Guterres, Jolie in Turkey to show solidarity with Syrian refugees

News Stories, 13 September 2012

© UNHCR/J. Tanner
Angelina Jolie (in black) and António Guterres (next to her in blue open neck shirt) tour a camp housing thousands of Syrian refugees in Turkey.

KILIS, Turkey, September 13 (UNHCR) UN High Commissioner for Refugees António Guterres and his Special Envoy Angelina Jolie reiterated the urgent need to help countries hosting tens of thousands of Syrian refugees after visiting two of 12 well-organized camps located near Turkey's border with Syria.

During their trip, Guterres and Jolie thanked Turkey for keeping its borders open for anyone seeking asylum; for adopting a system of temporary protection; and providing assurance that no Syrian would be forcibly returned. They also praised the role of the Turkish Red Crescent in providing aid to the refugees.

More than 80,000 refugees, mainly women and children, are staying in these camps and the government is planning four more by the end of this month to house a further 36,000. In addition, up to 60,000 people are thought to be staying with relatives or renting rooms and apartments in urban areas.

"Our gates are open to all Syrians," said Suleyman Tapsiz, governor of the border province of Kilis. "Now our biggest district is the camp," he revealed.

High Commissioner Guterres called on other countries to do more to help Turkey. "It is time for the international community to understand that with the high numbers crossing borders, they can't do it alone," said Guterres, who made similar appeals earlier this week while visiting the two other main host countries, Jordan and Lebanon, with Special Envoy Jolie.

"Syrians have a history of welcoming people in need," added Jolie. "Now it is their hour of need and I am grateful to Turkey and all the neighboring countries for their extraordinary generosity." More than 250,000 Syrians have to date registered or applied to register as refugees in Turkey, Lebanon and Jordan, but the real number of those who have fled the fighting could be much higher.

At the Kilis camp, 12,000 refugees reside in converted freight containers, providing some semblance of home. Governor Tapsiz said a further 4,000 were living in the town of Kilis and receiving aid.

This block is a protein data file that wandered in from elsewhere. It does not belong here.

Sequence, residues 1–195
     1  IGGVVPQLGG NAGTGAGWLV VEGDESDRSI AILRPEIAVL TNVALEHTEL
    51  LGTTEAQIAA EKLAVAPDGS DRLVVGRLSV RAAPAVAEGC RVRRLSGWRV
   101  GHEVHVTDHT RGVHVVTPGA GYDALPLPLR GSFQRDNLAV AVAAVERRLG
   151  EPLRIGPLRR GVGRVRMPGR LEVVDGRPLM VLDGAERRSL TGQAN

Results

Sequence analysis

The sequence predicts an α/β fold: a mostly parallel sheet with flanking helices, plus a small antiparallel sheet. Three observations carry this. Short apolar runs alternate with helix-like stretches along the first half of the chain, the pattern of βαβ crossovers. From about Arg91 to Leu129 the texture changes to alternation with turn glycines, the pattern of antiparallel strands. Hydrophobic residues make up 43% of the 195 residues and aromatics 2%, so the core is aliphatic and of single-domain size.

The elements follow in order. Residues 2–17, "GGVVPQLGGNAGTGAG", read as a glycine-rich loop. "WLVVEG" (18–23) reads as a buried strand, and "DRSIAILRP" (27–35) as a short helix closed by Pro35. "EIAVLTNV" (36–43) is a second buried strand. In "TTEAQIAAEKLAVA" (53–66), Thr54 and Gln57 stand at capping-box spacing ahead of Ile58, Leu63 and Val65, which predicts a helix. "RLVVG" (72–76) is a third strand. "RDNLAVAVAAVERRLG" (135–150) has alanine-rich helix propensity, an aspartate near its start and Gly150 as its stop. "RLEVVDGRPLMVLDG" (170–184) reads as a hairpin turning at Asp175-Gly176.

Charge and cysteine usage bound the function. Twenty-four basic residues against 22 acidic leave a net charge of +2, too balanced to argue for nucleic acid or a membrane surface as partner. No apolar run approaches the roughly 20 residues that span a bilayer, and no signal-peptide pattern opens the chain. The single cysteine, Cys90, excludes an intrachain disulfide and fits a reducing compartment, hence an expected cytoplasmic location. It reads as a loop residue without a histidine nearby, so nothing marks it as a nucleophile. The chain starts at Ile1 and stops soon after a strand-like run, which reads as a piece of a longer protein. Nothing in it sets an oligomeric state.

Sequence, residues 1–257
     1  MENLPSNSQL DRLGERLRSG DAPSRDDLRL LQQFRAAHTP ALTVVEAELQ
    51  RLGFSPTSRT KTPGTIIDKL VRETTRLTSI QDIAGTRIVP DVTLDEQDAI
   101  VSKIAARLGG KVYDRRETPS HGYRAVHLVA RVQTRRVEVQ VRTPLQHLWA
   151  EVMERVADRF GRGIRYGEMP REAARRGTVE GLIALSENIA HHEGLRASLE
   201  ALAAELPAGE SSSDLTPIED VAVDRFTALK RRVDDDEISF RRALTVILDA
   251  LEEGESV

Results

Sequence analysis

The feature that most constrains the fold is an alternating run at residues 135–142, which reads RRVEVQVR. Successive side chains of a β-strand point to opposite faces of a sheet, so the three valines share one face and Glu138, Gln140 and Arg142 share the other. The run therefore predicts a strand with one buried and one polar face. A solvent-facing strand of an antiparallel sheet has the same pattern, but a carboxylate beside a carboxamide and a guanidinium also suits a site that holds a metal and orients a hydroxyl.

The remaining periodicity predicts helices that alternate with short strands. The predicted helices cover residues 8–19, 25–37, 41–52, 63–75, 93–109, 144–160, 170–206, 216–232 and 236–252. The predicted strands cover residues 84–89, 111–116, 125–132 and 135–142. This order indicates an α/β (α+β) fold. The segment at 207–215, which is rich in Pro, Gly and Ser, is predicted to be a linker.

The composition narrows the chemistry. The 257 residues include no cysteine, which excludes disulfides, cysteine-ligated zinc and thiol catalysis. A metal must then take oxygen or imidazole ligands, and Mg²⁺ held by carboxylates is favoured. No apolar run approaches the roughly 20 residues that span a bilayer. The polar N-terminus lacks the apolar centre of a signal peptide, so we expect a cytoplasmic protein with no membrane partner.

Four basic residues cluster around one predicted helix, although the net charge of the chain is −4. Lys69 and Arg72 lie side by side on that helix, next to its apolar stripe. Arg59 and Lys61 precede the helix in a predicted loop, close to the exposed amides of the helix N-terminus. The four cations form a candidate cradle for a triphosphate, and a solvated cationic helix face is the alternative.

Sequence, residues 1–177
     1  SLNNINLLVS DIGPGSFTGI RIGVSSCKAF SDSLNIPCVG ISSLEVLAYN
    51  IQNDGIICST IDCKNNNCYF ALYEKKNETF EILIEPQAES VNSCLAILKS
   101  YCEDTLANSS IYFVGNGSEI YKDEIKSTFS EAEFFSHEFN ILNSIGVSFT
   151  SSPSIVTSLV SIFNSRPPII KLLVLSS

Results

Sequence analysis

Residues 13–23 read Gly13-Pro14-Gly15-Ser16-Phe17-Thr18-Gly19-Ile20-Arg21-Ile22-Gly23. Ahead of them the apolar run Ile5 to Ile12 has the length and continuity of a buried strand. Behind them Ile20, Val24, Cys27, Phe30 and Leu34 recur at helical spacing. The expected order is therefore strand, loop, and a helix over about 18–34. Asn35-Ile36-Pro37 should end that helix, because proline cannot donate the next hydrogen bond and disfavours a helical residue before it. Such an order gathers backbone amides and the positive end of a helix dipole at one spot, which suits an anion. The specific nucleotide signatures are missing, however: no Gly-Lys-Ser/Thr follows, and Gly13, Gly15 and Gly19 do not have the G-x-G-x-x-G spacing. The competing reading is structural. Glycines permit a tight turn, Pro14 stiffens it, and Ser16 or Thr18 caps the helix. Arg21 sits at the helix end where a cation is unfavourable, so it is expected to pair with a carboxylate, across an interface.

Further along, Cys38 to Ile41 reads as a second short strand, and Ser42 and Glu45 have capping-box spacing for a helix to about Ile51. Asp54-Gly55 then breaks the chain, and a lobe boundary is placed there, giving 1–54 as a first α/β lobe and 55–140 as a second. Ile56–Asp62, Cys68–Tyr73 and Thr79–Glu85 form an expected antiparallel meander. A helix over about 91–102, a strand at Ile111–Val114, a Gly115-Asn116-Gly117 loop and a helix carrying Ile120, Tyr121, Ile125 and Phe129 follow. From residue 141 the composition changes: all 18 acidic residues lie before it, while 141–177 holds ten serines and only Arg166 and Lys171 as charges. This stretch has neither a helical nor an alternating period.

The Turkish government is identifying the most vulnerable refugees in all areas and providing them with aid as well as moving people from inadequate shelters to camps. Some 6,000 refugees live in hangars while waiting entry to Turkey at the Kilis border crossing. They will likely be moved to the new camps.

Turkey has also been providing vital medical care for refugees, including those with war injuries. Since the crisis began last year, Turkish doctors have performed surgery on 1,600 refugees in Kilis, many of them conflict-related. "In our hospitals, you can see wounded babies, people who lost their arms," Tapsiz said, while urging greater international help to maintain a high level of support.

During her visit to Kilis camp, Jolie talked to several families, all of whom had lost relatives. One woman told the actress that a whole family was killed in her town when their home was bombed. "We don't care about our houses," the woman told her. "We care about the blood of the people." Another woman told Jolie about the sole survivor of another family a baby found cradled in her dead mother's arms.

Education was a recurrent theme during the visit and Guterres and Jolie toured a new primary school with walls covered with children's artwork. But some families expressed concern about the future for their children. "There is no way to advance as a refugee," one Syrian said. "Life stops. Even though we are alive, life has ended."

Later on Thursday, Guterres and Jolie visited the Islahiye refugee camp in Gaziantep province. The recently established camp houses some 10,000 Syrians in tents. Under the sweltering heat, refugees voiced fears for family members back home and said they were concerned about the coming winter.

One woman told Jolie her son was risking death by staying in their village near Syria's largest city, Aleppo, to protect their home from looters. Another woman, a teacher and mother of seven, spoke of her husband, a former police officer who lost his hands in an explosion and could no longer work. She was one of 400 qualified teachers on a waiting list to teach at the camp school.

Meanwhile, Guterres also expressed concern about the welfare of displaced civilians in Syria. "I am a strong believer in improving the humanitarian assistance inside Syria," the High Commissioner told Governor Tapsiz. "More pressure is needed to make sure humanitarian assistance inside Syria is strongly upgraded."

Since the start of the crisis, 115,000 Syrians have arrived at the camps in Turkey, but 35,000 have since returned voluntarily. In April, Turkey asked the international community to contribute to the response effort.

By Melissa Fleming in Kilis, Turkey